After being a runner in Boston for about 5 years, I finally took on the classic New England trail race: 7 Sisters. The reputation of this race is pretty notable: an unrelenting out-and-back filled with steep climbs, jagged rocks, and plenty of roots. As a rule of thumb, I heard that to estimate your time for this race, take your half marathon time and add an hour…or double it. Without a doubt, I came into the race with a bit of hesitation with all the notoriety and claims of difficulty. Obviously, I want to make it through the year injury-free, and tumbling head first down a shale covered descent was the last thing I wanted. But this was absolutely a bucket list race, and after finishing it I cannot wait to go back.
To add to the risk of injury, it decided to rain all week in Massachusetts leading up to the race and was forecasted to rain right as the race was starting. Nothing better than some mud to break up the slick, lichen covered sections of rock. The forecast absolutely made me hesitant and nervous about my goal of breaking 3 hours. I was coming into the race completely blind, and several friends said sub-3 was a reasonable goal. But with the rain and thoughts in the back of my head saying “this is stupid” I wasn’t sure whether I should stick to my goals or just go for it.
A car full of November Project folks made our way to Amherst early Sunday morning and got slightly optimistic when we saw blue skies. After parking at the race and picking up our bibs, it became pretty clear that we were not going to be spared as a thick fog made it abundantly clear that it was going to be wet and we would have limited visibility. Our crew got our bibs, got our gear ready and waited for the gun to go off.
7 Sisters has a wave start to help decrease congestion on the trail which is entirely single track. Somehow I got slotted in Wave 1, so I lined up after the elites took off and waited anxiously. The rain hadn’t started yet, but I knew it would be starting soon. In no time, we were off and working our way up the way to the ridgeline. Essentially the race was a big climb up to the ridge, a run across the ridge, and then a descent on the other side of the range. After that, you turn around and do the entire thing in reverse. The major climb out from the start was somewhat technical, with portions of loose shale. Not knowing what I was in for, I quickly got into power-hike mode and marched up the mountain.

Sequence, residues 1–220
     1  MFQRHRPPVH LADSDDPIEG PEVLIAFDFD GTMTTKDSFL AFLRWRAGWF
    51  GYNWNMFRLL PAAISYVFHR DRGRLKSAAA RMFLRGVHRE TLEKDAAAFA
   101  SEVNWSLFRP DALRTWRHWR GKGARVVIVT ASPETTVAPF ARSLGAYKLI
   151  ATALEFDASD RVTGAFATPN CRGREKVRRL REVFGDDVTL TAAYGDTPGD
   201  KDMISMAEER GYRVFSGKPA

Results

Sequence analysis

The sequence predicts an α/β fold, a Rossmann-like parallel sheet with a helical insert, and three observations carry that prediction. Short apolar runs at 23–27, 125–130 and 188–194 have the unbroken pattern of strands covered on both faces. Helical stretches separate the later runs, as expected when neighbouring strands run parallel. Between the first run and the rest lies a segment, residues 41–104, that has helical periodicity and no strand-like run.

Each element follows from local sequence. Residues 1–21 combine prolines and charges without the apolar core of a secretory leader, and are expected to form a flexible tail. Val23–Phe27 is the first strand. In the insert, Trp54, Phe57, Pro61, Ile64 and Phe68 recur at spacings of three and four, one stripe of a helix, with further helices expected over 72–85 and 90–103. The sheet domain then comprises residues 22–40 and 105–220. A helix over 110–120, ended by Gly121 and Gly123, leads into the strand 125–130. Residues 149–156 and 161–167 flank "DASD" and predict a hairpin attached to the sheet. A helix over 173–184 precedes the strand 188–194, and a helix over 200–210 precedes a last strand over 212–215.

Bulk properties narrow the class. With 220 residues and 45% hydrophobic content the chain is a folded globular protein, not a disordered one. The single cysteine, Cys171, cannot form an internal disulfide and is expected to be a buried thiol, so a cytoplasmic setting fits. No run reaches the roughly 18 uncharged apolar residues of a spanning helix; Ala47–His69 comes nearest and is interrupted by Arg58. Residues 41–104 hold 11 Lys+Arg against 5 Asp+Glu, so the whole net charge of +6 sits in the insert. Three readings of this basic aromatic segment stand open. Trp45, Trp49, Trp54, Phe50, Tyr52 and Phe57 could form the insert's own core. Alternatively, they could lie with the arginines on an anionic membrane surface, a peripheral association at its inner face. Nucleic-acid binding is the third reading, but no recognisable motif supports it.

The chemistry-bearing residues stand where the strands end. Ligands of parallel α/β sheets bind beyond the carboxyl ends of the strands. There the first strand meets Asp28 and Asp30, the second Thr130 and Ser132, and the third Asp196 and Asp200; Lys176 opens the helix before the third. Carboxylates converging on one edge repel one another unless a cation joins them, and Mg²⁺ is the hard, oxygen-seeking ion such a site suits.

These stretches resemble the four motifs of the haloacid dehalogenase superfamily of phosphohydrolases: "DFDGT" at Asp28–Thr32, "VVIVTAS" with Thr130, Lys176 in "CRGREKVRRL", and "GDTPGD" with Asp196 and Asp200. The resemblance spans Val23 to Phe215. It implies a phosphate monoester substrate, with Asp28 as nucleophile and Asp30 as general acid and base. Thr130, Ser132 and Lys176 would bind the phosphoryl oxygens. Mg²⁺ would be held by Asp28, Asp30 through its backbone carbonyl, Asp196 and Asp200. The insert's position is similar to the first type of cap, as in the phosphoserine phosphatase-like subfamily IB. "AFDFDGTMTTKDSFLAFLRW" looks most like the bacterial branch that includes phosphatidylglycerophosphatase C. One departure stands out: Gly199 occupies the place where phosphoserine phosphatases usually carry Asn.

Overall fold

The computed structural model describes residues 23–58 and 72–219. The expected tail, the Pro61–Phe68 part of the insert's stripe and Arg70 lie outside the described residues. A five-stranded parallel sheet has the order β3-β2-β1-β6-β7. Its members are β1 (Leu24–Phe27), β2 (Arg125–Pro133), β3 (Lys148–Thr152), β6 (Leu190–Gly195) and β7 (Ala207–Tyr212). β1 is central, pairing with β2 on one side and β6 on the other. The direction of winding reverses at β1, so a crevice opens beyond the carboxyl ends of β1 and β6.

At the top, there was a steep descent. And then a steep climb. And then a steep descent. Then a little bit of runnable stuff. Honestly, the way out was such a blur that I don’t remember much more detail than that. There were a few moments of scrambling up hyper-steep sections of the trail that I knew would be interesting coming down, but it was such technical trail it was hard to make note of anything specific. About 2 miles in the rain started coming down, soaking the runners and the trail even more. Roughly 5 miles into the run, there is a beautiful overlook (I imagine, fog made it impossible to see anything) and a building with a patio that the runners must walk over. After that, we began the biggest descent down to the turn around point. At this point the trail was nothing more than mud and rocks. To be honest, I’m not sure what was worse, the rocks that you might slip on or the mud that you couldn’t stop in. Serious “style points” were earned sliding several feet down the trail at a time.
I got to the turn around in 1:14, refilled my bottle half way and took back off the trail. The mud made climbs into a game of finding hand holds to support forward movement. As runners came pouring down the trail making their way to the halfway mark, it was a tough mix of staying out of the way and making progress. The climb from the turn around is the biggest of the entire race, so I did my best to run and hike quickly to make quick work of it. After reaching the patio again, I tried to push it as much as possible, but the mud and slippery rocks frequently had me on all fours. I lost confidence in my shoe grip and relied on tree limbs for braking. At about the 10 mile mark, Bear Mountain started to catch up with me and I felt my quads weaken. Downhills became even more treacherous but I was able to climb strong. After a few other big ups and downs, we were back at the first summit. I remember thinking on the way up that I would be able to fly down the initial section of trail, but at that point I had little faith in my legs so I took it easy. I made it to the short stretch of pavement and bolted to the finish for a time of 2:39.
I am pretty happy with my time and I think on a dry year I could probably break 2:30. As for strategy, I tried to be conservative on the out and push on the back, but given the congestion early on in the race I think a hard push up the first up hill can save a lot of time. Without a doubt I will be back to run 7 Sisters. I cannot think of a single race that I have run that has such challenging trails and climbing crammed into such a short distance.
- Saucony Peregrine 4
- Salomon Hydro Handset
- Garmin Fenix 3
- Gu, Tailwind
- Ciele Fast Cap